The Winnipeg Jets missed the playoffs for the fourth time in five seasons since the move to Manitoba, and the 14th time over 16 seasons over franchise history. The season does not end for us though at Jets Nation.
Welcome to our series where we take an analytical approach, dissecting what went wrong with the Jets 2015-2016 season and how to improve the team for next year.
This time for our series, we look at the Jets performance for special teams..
Saying the Jets struggled at special teams would be a fairly large understatement. The team posted a league worst power play (by PP%) while posting the sixth worst penalty kill (by PK%) in the league. Combining the team’s PP% and PK% (which I sometimes coin ST%, and where league average is 100), the Jets’ 93.2 ST% only out-performed the Calgary Flames and the Ottawa Senators.
Shot metrics do not suggest a much better story either. The Jets were 21st in 5v4 shot generation per minute, and 26th when removing blocked shots. The team was 28th in 4v5 shot suppression per minute, and 27th when removing blocked shots.
It’s not just in shot volume, but the Jets have been poor in shooting up close on the power play or keeping the opposition outside on the penalty kill:
One consistent issue that has plagued the Jets’ special teams is a sore lack of skilled-player depth.
For almost every season, the Jets have struggled to carry a full complement of bona fide top-nine forwards and top-four defenders. In addition, the Jets have dressed some of the worst performing fourth-line and third-pair regulars. The Jets have also regularly dressed the worst performing penalty kill regular in the entire NHL.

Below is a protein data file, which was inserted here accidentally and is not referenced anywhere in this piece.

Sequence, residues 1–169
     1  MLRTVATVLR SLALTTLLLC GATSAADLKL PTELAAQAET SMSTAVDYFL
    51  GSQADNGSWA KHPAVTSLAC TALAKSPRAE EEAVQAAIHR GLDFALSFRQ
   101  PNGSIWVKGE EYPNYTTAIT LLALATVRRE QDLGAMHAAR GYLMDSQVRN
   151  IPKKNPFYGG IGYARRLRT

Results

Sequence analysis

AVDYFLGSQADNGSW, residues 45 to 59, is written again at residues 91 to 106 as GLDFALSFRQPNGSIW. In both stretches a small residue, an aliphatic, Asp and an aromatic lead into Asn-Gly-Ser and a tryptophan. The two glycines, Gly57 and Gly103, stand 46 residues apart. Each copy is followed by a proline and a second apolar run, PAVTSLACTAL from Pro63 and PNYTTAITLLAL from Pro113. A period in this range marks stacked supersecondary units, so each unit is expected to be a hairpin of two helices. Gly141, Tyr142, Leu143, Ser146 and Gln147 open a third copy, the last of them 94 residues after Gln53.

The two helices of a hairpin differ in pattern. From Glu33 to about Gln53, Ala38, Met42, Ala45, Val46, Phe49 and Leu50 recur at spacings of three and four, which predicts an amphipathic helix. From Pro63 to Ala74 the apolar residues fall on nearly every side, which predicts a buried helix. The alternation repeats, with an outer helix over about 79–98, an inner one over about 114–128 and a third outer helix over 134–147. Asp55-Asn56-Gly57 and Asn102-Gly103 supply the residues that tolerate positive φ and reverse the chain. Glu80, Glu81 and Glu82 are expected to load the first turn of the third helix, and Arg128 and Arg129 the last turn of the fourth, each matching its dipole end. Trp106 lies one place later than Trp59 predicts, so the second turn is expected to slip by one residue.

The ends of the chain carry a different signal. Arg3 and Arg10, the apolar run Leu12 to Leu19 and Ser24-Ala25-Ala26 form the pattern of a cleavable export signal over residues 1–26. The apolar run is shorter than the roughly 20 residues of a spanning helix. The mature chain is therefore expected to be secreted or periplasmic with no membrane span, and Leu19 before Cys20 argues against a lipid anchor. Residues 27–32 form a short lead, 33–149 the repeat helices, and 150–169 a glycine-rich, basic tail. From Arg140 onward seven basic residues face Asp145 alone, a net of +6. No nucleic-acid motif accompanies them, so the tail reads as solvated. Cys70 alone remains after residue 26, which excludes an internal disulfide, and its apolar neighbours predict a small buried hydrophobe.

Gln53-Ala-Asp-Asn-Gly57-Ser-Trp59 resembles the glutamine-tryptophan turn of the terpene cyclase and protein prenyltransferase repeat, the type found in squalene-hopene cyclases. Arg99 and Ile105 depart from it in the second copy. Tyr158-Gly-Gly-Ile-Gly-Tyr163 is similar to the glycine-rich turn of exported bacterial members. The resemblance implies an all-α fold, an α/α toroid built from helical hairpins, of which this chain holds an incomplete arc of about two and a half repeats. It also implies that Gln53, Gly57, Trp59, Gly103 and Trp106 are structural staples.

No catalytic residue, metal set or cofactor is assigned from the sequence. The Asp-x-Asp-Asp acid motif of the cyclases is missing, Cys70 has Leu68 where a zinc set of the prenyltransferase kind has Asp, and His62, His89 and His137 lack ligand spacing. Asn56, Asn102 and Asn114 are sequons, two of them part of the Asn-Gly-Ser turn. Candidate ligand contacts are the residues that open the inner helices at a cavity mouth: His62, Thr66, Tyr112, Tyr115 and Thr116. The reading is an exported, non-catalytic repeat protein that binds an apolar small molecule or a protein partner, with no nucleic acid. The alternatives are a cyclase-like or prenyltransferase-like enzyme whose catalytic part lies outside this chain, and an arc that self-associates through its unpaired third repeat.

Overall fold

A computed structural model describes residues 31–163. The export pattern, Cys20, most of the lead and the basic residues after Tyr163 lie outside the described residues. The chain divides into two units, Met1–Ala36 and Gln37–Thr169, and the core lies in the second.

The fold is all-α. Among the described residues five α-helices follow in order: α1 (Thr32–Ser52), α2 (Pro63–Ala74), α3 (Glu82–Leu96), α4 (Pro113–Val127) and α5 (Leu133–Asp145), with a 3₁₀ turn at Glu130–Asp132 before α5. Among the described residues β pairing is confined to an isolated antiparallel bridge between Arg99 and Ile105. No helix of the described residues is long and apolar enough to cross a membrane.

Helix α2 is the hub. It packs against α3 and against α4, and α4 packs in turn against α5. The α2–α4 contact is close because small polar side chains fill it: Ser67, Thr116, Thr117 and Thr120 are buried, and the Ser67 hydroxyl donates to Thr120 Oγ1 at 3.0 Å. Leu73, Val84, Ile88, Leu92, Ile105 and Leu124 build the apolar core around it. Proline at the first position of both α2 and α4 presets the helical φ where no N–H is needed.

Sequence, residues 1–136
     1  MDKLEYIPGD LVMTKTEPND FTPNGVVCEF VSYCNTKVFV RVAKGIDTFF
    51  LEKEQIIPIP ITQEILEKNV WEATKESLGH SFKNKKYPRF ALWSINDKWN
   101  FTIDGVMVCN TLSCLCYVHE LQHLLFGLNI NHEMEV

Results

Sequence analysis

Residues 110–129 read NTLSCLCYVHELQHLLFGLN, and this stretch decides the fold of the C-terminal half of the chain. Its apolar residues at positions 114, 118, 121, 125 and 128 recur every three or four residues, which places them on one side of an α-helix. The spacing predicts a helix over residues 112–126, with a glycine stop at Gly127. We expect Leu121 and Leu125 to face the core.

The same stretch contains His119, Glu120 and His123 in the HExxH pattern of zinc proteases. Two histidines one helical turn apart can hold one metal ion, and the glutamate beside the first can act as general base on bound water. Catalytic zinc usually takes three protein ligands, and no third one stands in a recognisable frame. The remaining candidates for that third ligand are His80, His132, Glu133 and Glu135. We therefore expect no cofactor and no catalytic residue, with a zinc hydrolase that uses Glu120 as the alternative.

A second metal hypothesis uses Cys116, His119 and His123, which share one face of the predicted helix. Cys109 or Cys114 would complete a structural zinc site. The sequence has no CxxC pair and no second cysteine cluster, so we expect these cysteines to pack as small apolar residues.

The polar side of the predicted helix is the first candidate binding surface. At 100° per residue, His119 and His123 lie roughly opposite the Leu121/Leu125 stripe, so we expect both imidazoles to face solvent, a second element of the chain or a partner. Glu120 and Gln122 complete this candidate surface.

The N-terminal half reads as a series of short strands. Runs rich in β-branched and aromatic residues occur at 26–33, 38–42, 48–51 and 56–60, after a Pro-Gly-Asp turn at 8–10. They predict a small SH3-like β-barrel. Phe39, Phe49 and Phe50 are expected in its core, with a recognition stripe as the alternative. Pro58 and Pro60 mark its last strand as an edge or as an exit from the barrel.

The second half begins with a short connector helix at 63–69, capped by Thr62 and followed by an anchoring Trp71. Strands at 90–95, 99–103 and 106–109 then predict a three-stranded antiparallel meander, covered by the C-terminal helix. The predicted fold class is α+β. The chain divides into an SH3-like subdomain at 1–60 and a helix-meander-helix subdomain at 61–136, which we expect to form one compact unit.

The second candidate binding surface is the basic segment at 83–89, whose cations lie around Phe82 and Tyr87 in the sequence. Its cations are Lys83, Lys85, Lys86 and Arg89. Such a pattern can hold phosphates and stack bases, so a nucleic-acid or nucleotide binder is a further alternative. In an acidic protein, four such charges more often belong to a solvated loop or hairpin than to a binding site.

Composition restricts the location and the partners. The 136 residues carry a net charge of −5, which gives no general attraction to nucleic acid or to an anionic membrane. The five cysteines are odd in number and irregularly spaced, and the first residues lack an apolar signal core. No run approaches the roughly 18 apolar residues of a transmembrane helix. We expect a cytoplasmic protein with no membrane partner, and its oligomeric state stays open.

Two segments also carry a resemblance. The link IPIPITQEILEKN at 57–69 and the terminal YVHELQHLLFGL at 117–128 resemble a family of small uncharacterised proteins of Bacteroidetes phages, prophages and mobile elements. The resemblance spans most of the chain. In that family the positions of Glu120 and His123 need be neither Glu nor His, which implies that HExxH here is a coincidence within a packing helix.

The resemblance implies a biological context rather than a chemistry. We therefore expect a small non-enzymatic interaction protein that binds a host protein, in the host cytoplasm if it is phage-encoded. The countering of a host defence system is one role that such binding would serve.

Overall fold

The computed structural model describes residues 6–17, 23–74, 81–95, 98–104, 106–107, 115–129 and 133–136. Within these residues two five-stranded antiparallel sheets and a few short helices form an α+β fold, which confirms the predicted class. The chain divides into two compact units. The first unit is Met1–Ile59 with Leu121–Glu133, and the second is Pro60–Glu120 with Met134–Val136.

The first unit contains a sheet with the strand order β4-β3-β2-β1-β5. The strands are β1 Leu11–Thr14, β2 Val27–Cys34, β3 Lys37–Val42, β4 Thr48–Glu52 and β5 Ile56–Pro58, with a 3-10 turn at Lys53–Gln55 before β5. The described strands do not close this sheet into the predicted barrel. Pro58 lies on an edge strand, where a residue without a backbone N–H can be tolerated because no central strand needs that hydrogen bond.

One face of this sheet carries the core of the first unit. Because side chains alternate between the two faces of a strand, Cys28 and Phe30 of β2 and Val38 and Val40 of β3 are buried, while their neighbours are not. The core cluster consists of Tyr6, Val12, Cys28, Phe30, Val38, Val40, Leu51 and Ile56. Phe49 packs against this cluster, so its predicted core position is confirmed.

These factors combined cause the Jets to over-rely on their best players: Dustin Byfuglien, Andrew Ladd, Bryan Little, Blake Wheeler, and Toby Enstrom. Outside of those individuals, the Jets have carried very few players that have been adept performers for both even strength and special team minutes: Kyle Wellwood, Michael Frolik, Evander Kane, (2011-13) Alexander Burmistrov, and Mark Scheifele. The blue line has only really had Jacob Trouba, plus Grant Clitsome when healthy.
After those lists of individuals, the rest of the roster has been extremely limited.
But things have not always been the same. The team has carried some acceptable years in special teams performance.
Here we see the Jets’ ranking versus the 180 teams to play over the past six seasons (so including the final Atlanta Thrasher season as well):
*2013 is shortened season due to lockout and experienced larger variance
The Jets have never dominant on special teams, but they have been above average four times in either penalty kill and power play performance. It is not surprising to see the Jets performed well in both the only season the team went to the playoffs.
Another major factor in special team performance is a team’s penalty differential. Two equally teams who strive on the power play but struggle to kill penalties will have very different impacts on their goal differentials if one team is constantly drawing more penalties than they are called for while the other team does the opposite.
To account for this, I present a graph showing the Thrashers/Jets short handed and power play running shot differentials, which are impacted by both opportunity and performance:
To fix the Jets’ special teams will take multiple steps, as there are multiple factors going on to the team’s performance.
The Jets need more skill and less “grit and leadership” at the lower end of the roster to both provide alternative value and alleviate some of the pressure on the team’s top players. The team also needs to adjust their systems switch their shot volume between the perimeter and the low slot. The team could also use to be more disciplined, especially with stick and holding penalties, to improve their penalty differential. Not previously discussed but also important, the team could also use better goaltending in penalty kill situations.
The good news is some of this may be addressed as the Jets impressive prospect group begins to graduate into the NHL and have an impact. That said, it’s still a long ways to go and how much the youth movement offsets the aging performances of players like Byfuglien, Enstrom, and Wheeler remains to be seen.
All numbers are courtesy of corsica.hockey and are adjusted for score, venue, and faceoffs, unless otherwise provided.